A Passion for God… Am I Obsessive About the Right Things?

1 Apr 2009

It’s funny how a passing comment can spin us into deeper thought. My sister jokingly called me obsessive because I was keeping my receipts, trying to keep tabs on my accounts. And it got me thinking, what am I obsessive about?

Am I obsessive about the right things?

At the moment I’ve discovered a game on my mum’s mobile phone. It’s fun – and long, taking ages to finish one game. My parents laugh and say that I’m addicted. A harmless fad or a banal time-waster?

And then there is the TV show LOST. Some could say I’m obsessive about it. I know a few others who are in the same boat (you know who you are!), trying not to miss it each week. It’s enthralling, suspenseful, or at least was in the first couple of series.

In his poem, The Vision, Pete Greig of 24-7 Prayer and Red Moon Rising, explains that “The vision is JESUS – obsessively, dangerously, undeniably Jesus.” I love Him – yes. I want to be His – absolutely. But am I obsessive about Jesus? Compulsive about Christ?

Paul’s obsession

I think that’s why it took me so long to come to appreciate – even like – the apostle Paul. In an age where tolerance is the order of the day, Paul’s language seems so extreme. He was always waving his hands around, calling attention to this or that, wanting reform or radical change. All too often I don’t understand the depth of Paul’s love for the cross, the depth of his love for Christ’s life and saving work. Perhaps I resented Paul’s extreme words because they know more of Jesus than I do. He is willing to follow Jesus so completely, without distraction. I desire to live such a life, but Paul has actually done it. His words are not arrogant, they are genuine, reflecting a life so single-mindedly focused on Christ that he seems too radical.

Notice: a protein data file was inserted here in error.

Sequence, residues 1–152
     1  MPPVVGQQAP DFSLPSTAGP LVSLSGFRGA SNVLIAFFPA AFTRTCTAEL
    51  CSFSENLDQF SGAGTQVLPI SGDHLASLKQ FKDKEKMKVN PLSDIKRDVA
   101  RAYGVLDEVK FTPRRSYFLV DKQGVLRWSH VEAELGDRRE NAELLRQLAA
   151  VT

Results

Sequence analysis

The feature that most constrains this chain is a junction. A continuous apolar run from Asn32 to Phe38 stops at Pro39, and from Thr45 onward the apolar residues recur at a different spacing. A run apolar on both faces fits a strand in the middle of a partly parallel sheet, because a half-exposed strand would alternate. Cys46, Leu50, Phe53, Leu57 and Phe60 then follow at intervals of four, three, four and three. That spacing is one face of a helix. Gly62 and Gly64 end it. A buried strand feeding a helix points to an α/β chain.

“The vision is JESUS – obsessively, dangerously, undeniably Jesus.”

Paul is bold in his letter to the Galatians, but part of the beauty of this epistle is that it gets down to the basic nature of the gospel. We get a clear picture of Paul’s zeal, his pure dedication to the cross, to a Jesus who can bring radical redemption and renewal through the grace of forgiveness. Paul speaks boldly – not because he is obnoxious, but because he cannot contain himself. He will not lose focus and he won’t let the Galatians lose focus either. In our day and age Paul is not politically correct. He lacks tolerance in the best way possible. In fact, we could say, he lives a Soli Deo life.

Soli Deo, as Passion for God

We have talked about Soli Deo for some time now within the Pioneers community. It all began when John Fletcher, our International Director, asked John, one of our Regional Leaders, what we could do to ensure that the core value of ‘Passion for God’ remained central to all that we are and do. And so Soli Deo emerged.

“This is what the LORD says: ‘Stand at the crossroads and look; ask for the ancient paths, ask where the good way is, and walk in it, and you will find rest for your souls’ (Jeremiah 6:16).”

Describing passion for God, John says, “it’s not just words on paper. It is the essence of what we are about. It’s the foundation that determines all that we do. That’s what ‘Passion for God’ is. That’s what we are giving our life for.”